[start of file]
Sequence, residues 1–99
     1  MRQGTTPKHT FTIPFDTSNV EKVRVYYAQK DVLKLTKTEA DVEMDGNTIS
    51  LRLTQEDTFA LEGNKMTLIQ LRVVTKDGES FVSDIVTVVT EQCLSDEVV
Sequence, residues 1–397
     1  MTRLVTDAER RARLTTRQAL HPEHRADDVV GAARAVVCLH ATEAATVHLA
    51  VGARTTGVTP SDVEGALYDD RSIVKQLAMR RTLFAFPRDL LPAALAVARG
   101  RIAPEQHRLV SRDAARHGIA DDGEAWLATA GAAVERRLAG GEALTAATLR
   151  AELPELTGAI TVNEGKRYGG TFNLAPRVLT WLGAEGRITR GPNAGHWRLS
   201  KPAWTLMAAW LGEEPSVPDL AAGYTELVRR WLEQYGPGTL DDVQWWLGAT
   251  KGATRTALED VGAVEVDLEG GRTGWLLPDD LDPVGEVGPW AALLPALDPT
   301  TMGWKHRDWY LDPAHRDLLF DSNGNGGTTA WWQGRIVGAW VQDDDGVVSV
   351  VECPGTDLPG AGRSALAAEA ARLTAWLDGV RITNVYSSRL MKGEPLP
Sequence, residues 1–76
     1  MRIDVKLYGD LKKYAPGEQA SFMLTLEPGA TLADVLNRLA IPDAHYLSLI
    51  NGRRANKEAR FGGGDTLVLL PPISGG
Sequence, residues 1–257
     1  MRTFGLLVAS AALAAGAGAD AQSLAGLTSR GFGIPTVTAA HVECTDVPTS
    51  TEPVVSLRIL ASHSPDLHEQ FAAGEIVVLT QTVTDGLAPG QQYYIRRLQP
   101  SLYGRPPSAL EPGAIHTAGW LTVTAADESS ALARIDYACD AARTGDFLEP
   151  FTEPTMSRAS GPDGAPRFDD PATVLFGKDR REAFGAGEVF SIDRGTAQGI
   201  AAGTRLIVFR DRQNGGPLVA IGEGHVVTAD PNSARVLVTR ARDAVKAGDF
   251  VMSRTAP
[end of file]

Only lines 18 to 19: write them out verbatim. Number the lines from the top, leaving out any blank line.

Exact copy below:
    51  TEPVVSLRIL ASHSPDLHEQ FAAGEIVVLT QTVTDGLAPG QQYYIRRLQP
   101  SLYGRPPSAL EPGAIHTAGW LTVTAADESS ALARIDYACD AARTGDFLEP